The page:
While we made a lot of mistakes and encountered many technical difficulties it would seem that W6H will again earn a MOP 1st place plaque for 2013.

We received the plaque on Ground Hog day (Feb 2) in 2015.

Did you play in the JIDX?  How did your operation turn out?

Tuesday, November 5, 2013

WQ6X & N6GEO team up as W6K for Sweepstakes Cw

N6GEO    &    WQ6X
This last weekend again found me in Brentwood (EB section) teamed up with N6GEO as W6K for the 80th running of the Cw November Sweepstakes contest.  We had a lot of ideas for how we would operate this contest as a multi operator setup.  In the end they all didn't make it. 

The Flex Radio Power SDR Screen (w/CW Skimmer) and our superb mini antenna farm
We settled on running a FLEX SDR-1000 (Software Defined Radio) into a pair of cascaded amplifiers giving us 145 watts out; just enough to top-out at the low power limit of 150w.  We front-ended the receiver section with a CW skimmer, which is legal as multi-OP is also an assisted category.  The skimmer certainly helped cut down on code copying errors and made search & pouncing (S&P) a lot of interesting fun.  For antennas we used an 8mh TH-3 jr. yagi  for the high bands and a ground mounted 6-BTV vertical for 80 & 40.

Our goal was to beat last year's record of 469 Q's and get a clean sweep to make up for missing it by 2 sections last year and 2 in this year's CQP.  As with CQP there were a dearth of Vermont stations (2 to be exact) so we almost missed the sweep.  Finally at 20:44z N1UR popped up on the "needed station" screen.  A double-click of the mouse and a switch on the amplifiers snagged the illusive lil' bugger.  We ended up with 531 QSOs in all 83 sections for an ending score of 88,146 points.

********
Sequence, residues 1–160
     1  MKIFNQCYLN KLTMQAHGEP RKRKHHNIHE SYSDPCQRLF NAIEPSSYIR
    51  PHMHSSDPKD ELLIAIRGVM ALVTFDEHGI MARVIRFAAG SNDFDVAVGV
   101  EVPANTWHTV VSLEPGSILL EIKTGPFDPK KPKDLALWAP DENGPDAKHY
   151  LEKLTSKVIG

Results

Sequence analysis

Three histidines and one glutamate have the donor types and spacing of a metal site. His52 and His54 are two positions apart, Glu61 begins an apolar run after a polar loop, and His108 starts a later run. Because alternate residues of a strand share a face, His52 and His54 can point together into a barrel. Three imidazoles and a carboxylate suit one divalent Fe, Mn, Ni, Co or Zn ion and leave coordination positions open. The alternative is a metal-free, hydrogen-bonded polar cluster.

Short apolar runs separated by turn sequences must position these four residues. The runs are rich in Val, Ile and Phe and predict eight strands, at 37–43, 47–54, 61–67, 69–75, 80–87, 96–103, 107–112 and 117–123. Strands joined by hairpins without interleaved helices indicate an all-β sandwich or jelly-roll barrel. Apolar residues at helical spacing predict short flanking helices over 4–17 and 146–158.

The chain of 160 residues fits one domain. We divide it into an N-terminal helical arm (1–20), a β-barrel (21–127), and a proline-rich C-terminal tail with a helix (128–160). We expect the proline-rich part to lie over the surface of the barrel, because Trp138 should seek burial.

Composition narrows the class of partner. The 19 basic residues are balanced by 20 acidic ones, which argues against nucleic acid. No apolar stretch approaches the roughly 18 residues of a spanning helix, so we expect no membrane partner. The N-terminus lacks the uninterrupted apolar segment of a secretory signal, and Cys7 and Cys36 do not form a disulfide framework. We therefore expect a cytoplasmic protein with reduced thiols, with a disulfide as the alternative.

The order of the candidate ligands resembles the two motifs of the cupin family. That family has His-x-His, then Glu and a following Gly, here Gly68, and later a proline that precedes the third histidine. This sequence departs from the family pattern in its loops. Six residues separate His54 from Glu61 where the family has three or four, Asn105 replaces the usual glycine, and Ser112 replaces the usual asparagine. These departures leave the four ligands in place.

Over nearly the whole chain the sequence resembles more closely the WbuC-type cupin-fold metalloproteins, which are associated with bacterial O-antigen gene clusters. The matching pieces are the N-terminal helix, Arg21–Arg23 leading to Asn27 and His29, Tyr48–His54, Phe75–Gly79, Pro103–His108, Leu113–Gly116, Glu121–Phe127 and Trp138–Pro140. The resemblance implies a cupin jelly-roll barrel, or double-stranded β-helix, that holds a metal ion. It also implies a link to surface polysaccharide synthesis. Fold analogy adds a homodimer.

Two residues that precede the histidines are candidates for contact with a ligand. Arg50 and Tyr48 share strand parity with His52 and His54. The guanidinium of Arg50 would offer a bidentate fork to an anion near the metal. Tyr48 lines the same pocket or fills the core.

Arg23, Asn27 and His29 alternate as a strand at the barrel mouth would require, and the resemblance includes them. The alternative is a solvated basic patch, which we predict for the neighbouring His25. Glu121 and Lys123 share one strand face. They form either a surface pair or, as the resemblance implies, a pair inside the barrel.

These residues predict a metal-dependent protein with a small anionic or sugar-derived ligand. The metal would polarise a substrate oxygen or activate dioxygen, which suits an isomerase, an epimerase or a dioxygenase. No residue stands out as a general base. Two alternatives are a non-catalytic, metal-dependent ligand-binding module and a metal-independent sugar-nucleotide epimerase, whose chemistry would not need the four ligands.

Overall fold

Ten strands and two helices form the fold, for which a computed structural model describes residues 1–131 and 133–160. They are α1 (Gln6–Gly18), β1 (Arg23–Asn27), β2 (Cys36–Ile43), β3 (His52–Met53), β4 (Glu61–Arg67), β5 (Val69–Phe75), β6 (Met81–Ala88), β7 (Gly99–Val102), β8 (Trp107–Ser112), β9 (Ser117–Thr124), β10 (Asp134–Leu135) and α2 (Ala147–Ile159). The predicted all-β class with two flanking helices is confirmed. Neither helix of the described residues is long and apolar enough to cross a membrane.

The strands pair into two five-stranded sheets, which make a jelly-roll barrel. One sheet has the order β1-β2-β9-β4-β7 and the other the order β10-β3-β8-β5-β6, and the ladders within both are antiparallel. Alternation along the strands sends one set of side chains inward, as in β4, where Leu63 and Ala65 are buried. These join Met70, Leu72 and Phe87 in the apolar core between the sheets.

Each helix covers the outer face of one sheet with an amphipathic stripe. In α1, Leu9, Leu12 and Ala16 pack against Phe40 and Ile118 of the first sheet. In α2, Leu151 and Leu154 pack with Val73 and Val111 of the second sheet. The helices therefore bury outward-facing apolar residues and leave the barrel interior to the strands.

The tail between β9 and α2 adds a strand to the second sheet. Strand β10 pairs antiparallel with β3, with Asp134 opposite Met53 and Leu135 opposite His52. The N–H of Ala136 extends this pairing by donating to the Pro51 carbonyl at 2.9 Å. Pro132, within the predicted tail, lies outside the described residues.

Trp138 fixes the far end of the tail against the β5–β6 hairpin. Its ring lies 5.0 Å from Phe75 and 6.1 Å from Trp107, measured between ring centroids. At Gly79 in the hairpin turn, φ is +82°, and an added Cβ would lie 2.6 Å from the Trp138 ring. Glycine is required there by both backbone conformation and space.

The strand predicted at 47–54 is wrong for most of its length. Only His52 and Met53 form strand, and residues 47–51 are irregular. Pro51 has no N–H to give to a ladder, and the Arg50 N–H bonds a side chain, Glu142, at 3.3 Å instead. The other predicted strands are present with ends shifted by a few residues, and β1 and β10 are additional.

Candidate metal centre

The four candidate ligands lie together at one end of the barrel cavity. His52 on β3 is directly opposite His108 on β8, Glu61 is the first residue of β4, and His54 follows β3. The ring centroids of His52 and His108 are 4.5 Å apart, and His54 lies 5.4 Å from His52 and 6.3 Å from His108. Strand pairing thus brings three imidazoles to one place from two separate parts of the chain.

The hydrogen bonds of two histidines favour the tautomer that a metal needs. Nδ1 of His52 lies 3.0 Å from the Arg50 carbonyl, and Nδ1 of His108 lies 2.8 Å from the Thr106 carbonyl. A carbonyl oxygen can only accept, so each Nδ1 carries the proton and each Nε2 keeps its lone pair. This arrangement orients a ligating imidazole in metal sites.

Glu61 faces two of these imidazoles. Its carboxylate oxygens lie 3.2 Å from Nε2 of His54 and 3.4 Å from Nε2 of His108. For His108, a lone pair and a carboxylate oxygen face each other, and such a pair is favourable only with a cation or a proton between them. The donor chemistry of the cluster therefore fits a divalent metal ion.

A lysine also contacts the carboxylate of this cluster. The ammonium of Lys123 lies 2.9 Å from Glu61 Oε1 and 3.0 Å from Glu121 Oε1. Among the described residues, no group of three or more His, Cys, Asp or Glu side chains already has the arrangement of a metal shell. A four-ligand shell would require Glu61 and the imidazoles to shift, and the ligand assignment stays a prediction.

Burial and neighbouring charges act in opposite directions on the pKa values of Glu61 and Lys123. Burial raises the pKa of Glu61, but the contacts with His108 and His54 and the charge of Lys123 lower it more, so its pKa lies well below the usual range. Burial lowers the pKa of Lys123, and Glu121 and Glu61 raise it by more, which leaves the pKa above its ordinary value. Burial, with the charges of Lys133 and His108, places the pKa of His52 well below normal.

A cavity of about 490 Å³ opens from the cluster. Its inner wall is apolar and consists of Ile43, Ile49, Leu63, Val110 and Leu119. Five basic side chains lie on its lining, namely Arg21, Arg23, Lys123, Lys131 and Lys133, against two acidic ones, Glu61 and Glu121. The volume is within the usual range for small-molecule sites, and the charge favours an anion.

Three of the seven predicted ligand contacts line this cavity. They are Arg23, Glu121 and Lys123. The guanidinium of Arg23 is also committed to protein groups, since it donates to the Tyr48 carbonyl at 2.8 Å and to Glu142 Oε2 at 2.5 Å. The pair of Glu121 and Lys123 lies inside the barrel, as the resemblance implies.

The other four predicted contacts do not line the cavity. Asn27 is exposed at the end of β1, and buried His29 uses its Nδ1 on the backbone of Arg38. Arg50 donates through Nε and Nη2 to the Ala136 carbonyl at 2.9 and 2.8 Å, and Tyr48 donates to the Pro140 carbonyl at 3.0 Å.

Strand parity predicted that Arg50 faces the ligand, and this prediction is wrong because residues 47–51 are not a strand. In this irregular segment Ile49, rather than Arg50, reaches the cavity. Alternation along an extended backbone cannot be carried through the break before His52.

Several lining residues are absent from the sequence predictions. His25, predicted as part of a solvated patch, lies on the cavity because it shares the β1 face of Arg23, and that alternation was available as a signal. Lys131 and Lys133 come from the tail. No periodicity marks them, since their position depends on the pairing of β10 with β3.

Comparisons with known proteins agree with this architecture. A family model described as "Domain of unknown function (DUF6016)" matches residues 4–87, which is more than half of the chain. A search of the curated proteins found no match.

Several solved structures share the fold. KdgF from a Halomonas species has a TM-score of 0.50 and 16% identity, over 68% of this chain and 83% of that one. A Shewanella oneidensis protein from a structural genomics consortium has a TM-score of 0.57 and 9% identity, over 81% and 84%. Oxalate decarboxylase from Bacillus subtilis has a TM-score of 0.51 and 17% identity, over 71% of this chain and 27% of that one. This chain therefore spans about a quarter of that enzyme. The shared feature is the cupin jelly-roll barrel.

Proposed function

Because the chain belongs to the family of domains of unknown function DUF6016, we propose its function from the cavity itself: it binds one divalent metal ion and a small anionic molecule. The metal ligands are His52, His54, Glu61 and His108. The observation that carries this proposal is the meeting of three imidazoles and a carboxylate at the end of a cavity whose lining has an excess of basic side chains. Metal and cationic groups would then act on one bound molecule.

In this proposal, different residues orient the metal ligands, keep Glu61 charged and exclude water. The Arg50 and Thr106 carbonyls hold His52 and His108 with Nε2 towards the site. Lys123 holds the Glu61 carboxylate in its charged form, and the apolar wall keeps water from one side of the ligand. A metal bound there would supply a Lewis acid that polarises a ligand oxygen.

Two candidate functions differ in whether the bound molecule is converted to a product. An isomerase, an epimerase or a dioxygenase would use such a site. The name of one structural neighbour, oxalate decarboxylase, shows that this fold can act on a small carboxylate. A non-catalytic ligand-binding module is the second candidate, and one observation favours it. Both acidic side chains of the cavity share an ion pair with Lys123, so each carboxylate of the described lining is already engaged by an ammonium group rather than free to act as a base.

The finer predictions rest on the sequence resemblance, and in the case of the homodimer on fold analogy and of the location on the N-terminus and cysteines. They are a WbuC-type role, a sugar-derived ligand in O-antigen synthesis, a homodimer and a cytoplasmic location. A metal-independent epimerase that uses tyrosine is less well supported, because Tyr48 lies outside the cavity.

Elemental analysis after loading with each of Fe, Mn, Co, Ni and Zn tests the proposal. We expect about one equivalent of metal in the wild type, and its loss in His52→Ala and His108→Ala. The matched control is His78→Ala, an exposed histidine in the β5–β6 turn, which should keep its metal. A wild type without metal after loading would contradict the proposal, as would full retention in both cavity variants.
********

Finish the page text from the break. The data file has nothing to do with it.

There was a propagation rumor that a number of solar disturbances were headed our way.  While I heard that there were signal dropouts at NX6T in San Diego, in the East Bay we experienced no real signal problems other than the predictable slow-fade on 15/10 meters.  I was disappointed in the small number of stations who actually made it down to 80 meters.  Wakeup people!  80-meters was HOPPING - for those who did show up.  Even 40-meters was lacking in signals; not because of poor propagation, but because people didn't spend enough OP time there as we did.

Now that we proved we can get a sweep and beyond, preparations are under way for W6K to operate Sweepstakes phone with this same arrangement (except the Skimmer, which does us no good on SSB).

From the reported QSO numbers and submissions to the 3830 Scores website we know there were over 1500 active stations in this year's event.  This year the number of reported section sweeps seems to have significantly increased over last years action when the Ontario (ONT) section was split into 4 multipliers (ONE, ONN, ONS & GTA).

How was Sweepstakes on your end?  Did you manage a sweep?